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All  students of the Bible who wish to take advantage of this site and its curriculum materials are encouraged to study these lessons and/or use them freely for your own study group. Visitors to this site may also have an interest in the history of Christian theology. Another self-study curriculum is available at goodeggbiblestudy.wordpress.com where we offer a course correlated with Prof. Roger Olson’s The Story of Christian Theology. (Prof. Olson teaches at Baylor University’s Truett Seminary.)

We are currently studying Paul’s Epistle to the Romans and, in addition to Romans, Dr. Martin Luther’s Commentary on Romans  Dr. Luther’s lectures to his early sixteenth century seminarians is an important resource for our discussion questions. Additionally, we provide videos and discussion questions based on the scholarship of noted professors, such as Prof. N. T. Wright of Saint Andrew’s University, Scotland, Prof. Robert Gagnon of Pittsburgh Theological Seminary (PCA), Dean Harold Attridge of Yale Divinity School, and Prof. David L. Bartlett, also of Yale.

To view any of the twenty-eight lessons which present the discussion questions, please click on About & Master Menu here or above and you will go to the Menu of all lessons. Listed there are the links that take you to these lessons offering not only discussion questions, but also additional links to both recommended and optional supplementary resources that will deepen your understanding of Romans.

As Christians study Paul’s Epistle, we must keep in mind Luther’s assessment: “This letter is truly the most important piece in the New Testament. It is purest Gospel. It is well worth a Christian’s while not only to memorize it word for word but also to occupy himself with it daily, as though it were the daily bread of the soul. It is impossible to read or to meditate on this letter too much or too well. The more one deals with it, the more precious it becomes and the better it tastes. Therefore I want to carry out my service and, with this preface, provide an introduction to the letter, insofar as God gives me the ability, so that every one can gain the fullest possible understanding of it. Up to now it has been darkened by glosses [explanatory notes and comments which accompany a text] and by many a useless comment, but it is in itself a bright light, almost bright enough to illumine the entire Scripture.” [Martin Luther, from the Preface to Romans]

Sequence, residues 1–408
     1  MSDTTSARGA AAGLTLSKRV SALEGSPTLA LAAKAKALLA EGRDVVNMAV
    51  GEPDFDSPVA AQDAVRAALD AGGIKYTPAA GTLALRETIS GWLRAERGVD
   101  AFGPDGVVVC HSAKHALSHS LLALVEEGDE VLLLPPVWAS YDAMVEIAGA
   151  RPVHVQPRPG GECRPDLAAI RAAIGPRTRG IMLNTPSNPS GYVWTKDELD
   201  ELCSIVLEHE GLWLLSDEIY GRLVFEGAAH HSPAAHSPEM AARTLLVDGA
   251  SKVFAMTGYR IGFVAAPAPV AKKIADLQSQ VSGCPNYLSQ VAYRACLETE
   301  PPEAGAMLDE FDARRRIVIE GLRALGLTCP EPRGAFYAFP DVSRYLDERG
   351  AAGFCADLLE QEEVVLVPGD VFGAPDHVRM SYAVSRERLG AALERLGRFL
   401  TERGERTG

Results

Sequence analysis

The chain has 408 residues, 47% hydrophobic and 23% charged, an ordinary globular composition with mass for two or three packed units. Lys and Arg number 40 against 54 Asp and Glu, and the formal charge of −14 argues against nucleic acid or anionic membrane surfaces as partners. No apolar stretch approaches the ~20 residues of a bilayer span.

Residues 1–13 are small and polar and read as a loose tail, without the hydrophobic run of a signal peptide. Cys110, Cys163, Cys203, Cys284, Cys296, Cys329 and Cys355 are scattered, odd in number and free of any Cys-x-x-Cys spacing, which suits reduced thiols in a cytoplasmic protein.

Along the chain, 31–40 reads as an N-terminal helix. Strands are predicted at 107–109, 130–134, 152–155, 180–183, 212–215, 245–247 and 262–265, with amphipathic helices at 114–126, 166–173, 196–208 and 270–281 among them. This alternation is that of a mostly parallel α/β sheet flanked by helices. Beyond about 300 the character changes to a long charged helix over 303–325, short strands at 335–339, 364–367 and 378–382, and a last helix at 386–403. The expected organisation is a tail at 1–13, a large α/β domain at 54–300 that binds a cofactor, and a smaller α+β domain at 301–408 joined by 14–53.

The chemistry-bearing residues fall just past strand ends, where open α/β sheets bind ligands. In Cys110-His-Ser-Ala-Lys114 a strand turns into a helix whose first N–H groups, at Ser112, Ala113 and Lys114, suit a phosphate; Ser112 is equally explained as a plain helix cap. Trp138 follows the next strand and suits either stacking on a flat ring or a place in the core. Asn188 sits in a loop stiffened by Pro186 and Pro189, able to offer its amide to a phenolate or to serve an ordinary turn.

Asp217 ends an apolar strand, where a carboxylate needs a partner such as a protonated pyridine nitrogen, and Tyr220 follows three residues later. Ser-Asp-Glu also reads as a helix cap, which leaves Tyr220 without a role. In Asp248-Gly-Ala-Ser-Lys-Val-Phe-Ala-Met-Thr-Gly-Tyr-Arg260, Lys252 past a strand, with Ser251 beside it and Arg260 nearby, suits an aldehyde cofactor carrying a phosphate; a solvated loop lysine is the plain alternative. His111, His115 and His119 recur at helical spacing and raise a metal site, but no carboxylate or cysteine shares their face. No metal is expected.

We are informed by the writers at Wikipedia that “Romans has been at the forefront of several major movements in Protestantism. Martin Luther’s lectures on Romans in 1515–1516 probably coincided with the development of his criticism of Roman Catholicism which led to the 95 Theses of 1517. In 1738, while hearing Luther’s Preface to the Epistle to the Romans read at St. Botolph Church on Aldersgate Street in London, John Wesley famously felt his heart “strangely warmed”, a conversion experience which is often seen as the beginning of Methodism. In 1919 Karl Barth’s commentary on Romans, The Epistle to the Romans, was the publication which is widely seen as the beginning of neo-orthodoxy.” [Wikipedia]

Prof. Richard Bell of the University of Nottingham explains why he feels this is perhaps the most important book in the New Testament for you to study. Click here to see this excellent 11 minute video.